It just kind of fills me up, you know?

              You know, it just drowns everything out,

              and on the inside, I feel like I'm burning...

              you know, like fire?

              And outside, I'm just...

              I'm just like a stone.

              Like that day when we robbed the store...

              I put my fist through the glass there,

              and I saw all this blood,

              but I didn't feel it.

              All I felt was the anger.

              It's like I'm here on the outside now,

              and I don't give a shit about nothing.

              It's like I'm still in prison.

              I'm alone...

              and I just...

              I just keep hearing that screaming in my head.

              I hear the fucking screaming.

              I know your feelings.

              I know them.

              I feel them, too.

              I go around this big city...

              grandissima ciudad...

              but I'm alone.

              No one know me.

              When I was little,

              in El Salvador,

              los soldados

              came at night.

              They pull my father out.

              They kill him right there...

              right there in front of me.

              I was... I was a little girl,

              but I see everything.

              And then we come here,

              and I have no time to be a child... always running.

              I work, work... only work!

              And the family...

              the family I stay with...

              they're happy. I see them,

              but it is their happiness, not mine.

              No one... no one knows me.

              I know you.

              I know you, Isabel.

              I saw my brother get killed right in front of me...

              just like your father.

              And I was just a boy.

              I love you. I love you.

              Oh, man!

              I love you, babe.


              Oh, man!

              You need me...

              and I need you.

              Ha ha ha! I know you'll get in the middle. Get in the middle.


              Look at Isabel.

              She's five months pregnant,

              and she looks so great.

              Yeah, they're always getting pregnant.

              As soon as you get one trained,

              teach her some English, she can answer the phone,

              then, boom, she's pregnant.

              I can't believe you just said that.

              Gloria, you know it's true.

              It's not true!

              Isabel's worked for me for three years.

              She's part of the family.

              I know that I have to find somebody else,

              but you know what? I'm happy for her.

              We're all happy for her.

              And so, for the first time,

              Jimmy joined the parade of workers crossing the bridges.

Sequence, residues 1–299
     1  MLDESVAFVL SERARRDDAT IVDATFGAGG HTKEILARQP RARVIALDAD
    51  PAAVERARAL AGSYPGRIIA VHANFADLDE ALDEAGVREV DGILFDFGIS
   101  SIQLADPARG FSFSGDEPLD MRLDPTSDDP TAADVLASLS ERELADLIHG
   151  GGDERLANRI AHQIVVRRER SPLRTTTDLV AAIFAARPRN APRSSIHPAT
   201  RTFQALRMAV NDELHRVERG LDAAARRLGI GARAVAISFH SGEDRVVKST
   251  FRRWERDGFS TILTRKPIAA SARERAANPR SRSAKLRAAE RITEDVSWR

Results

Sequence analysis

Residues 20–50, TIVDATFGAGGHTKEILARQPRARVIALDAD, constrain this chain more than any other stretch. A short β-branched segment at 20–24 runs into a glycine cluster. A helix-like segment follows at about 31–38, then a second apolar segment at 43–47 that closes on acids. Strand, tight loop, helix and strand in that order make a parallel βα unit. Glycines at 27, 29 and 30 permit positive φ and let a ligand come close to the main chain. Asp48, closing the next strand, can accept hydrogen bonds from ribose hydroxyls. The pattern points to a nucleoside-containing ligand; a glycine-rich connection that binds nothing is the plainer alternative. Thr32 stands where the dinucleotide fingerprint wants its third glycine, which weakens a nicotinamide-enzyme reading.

There was something about the idea of being a father.

              Tomorrow had never mattered to him before,

              but now it mattered.

              Hi, Jimmy.


              I came as soon as I could.

              You know, I couldn't get off any earlier.

              Oh, Jim, te amo.

              I love you, too, baby. I love you, too, hon.


              What's wrong? Is something wrong?

              Everything all right? What should I do?

              Should I get somebody? I'll get somebody, all right?

              Is there a doctor around here? I'll be right back.

              Just hang... I'll be right back.

              Is there a doctor around here?

              Hey, nurse, my wife needs help.

              You'll have to talk to the duty nurse.

              I want you to get the doctor right now!



              Easy. Easy.


              You did great. You did great.

              Got a fine-Iooking boy.

              There you go.

              Come on. It's time for a bath.

              Mi hijo.

              Doctor, she's still bleeding a lot.


              Mask! Sponge!

              - BP is going down. - Suture!

              Oh! Oh!

              Another sponge!

              Get Kelly. See if you can find him. Quick!



              that's what my mother called them...

              the souls of women who had died giving birth.

              They became cihuateteo...

              the spirits that helped the sun to set.

              Without them,

              the sun would not be able to rest.

              Now maybe the greatest medical care in the world

              could not have saved Isabel.

              Maybe they did everything for her that could be done,

              but you couldn't convince Jimmy of that.

              He knew that if Isabel had been at one of the fancy hospitals

              on the west side, that she would be alive.

              - You Dr. McNally? - Yes, what can I do for you?